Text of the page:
Not a newspaper do we take up now-a days, bearing the imprint of Oregon or Polynesia, but we are confronted by a jargon that completely riddles our capacity for comprehending signs, characters or sounds. In “coursing” or “sparrow-hawking” its columns for game, such as bits of news and scraps of relishable reading, we are sure to “‘bolt” at a big five-bar-fence of a phrase, or beat our brains against the meshes of meaning in an entanglement of words such as no mortal ever encountered in the antiquarian researches of the profoundest lore. We have “cut and dried” a few of these remarkably vigorous graftings in the family of words, for the purpose of making ourselves familiar with the species. “We have obtained for the People a right to take firewood, house timber, aho cord, thatch, and ki leaf, from the lands on which they live, without the consent of the konohikis, or their limas.” What in the name of all that’s merciful do Kamehameha’s white men mean by aho cord, ki leaf, and kono— well, we won’t try to pronounce it! “All men are entitled to fish on the Kilohee, the Luhee. and the Malolo grounds; and no portion of the fish that may be taken on any of those grounds, will hereafter belong to the Aupuni.” Worse and worse! This address to the Maka — to the Makaainan — there ! we give it over to the types: “THE MAKAAINANAS OF THE HAWAIIAN ISLANDS.” Here again is a delectable school of jaw-breakers: “For the road between the sea-beach at Kawaihae Eleio. in Hamakua. Hawaii.” The Sandwich Islanders made “no bones” of eating up Capt. Cook, with a sauce of such unconscionably tough “vernacular.” “Those of you who have no Kuleanas,” says the Polynesian, in the same address to the “fishers of men,” and with as much apparent ease of utterance as though it were discoursing its native eloquence. And thus the press of that realm deliberately lends its intelligence to contortionist-feats of uncompromisingly difficult speech, without so much as designating its use by “italics” or “points.” Oregon “outherods Herod,” however, and the “jargon” of that territory is enough to drive a mild man of nervous temperament distracted. Yet the news papers rejoice in the proficiency which they have acquired in the refined and sententious Chinook. They treat their readers to a sputtering of jargon in the very “leaders” indited. Now listen to an Oregon editor on the new costume: “As we have not seen any lady, other than a Chenook hyas cloocherman, wearing the’ dress ‘a la Turk,’ of course we cannot say anything about it.” Female costume can never be reformed among such a barbarous people. “Some 20 miles from the Dalls is the old farm and home of Skuloo, a sit cum tiee” We should like to tie-ee that phrase around the neck of the editor and cast him into the Columbia. He would never rise to the surface. Speaking of the Port Orford party, one of the papers says: “They accordingly set out, the Indians keeping a close nanage on them all the while.” Pity ’tis that the Indians by close nanaging could’nt secure one of these Chinook editors, to exhibit to their people as a rara avis. Here is a colloquial scene between papers, all about the 4th of July : How was it with you, brother Schnelby— that is, your city. — Oregonian. Well — “So so. or cum tux.” — Spectator.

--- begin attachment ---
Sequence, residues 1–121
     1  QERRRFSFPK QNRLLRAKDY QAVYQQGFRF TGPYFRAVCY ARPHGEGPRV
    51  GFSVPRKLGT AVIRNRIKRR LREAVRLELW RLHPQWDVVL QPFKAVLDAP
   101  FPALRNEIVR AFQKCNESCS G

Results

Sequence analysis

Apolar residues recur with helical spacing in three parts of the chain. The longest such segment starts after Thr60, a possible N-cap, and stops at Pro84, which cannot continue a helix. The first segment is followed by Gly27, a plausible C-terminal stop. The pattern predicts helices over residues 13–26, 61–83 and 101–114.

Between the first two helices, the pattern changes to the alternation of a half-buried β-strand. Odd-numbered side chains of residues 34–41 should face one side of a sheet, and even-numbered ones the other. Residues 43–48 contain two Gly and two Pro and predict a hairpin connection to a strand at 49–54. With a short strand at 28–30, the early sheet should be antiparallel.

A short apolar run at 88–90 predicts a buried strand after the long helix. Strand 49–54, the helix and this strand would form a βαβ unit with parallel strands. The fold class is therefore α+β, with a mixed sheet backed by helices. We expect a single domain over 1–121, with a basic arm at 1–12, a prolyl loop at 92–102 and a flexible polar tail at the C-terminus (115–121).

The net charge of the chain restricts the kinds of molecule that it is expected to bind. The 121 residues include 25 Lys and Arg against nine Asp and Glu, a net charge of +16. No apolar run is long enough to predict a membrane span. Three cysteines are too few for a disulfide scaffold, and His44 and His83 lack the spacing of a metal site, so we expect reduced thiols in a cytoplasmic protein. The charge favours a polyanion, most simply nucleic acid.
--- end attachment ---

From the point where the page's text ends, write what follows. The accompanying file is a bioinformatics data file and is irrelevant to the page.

And now we have done with these precious bits of “cumtuxiana” and feel prepared to denounce this system of palaver as the most solemn of humbugs. To be as serious as we can with the subject, it is high time that we begin to clothe our home spun Yankee ideas in the sound, substantial fabric used by’our forefathers, altogether, and to extirpate from the prolific and beautiful gardens of English language the many uncouth and tawdry weeds of foreign culture that have taken root with us. Here in California the language of the press is not at all free from graftings of the slang or jocular phrases of the Spanish. We bandy about the common nouns “hombre,” “casa,” “caballo” and propound “quien sabe?” with most imperturbable gravity: indifferent as to the perceptive powers of readers, or whether it sounds well to “ears polite” or not. We should say not. and we think our brethren of the quill will agree with us that however great the relief from monotonous expressions, the use of these words disturb the grace of composition and amount to vulgarisms, besides distracting and misleading those who perchance may not be “constant readers.”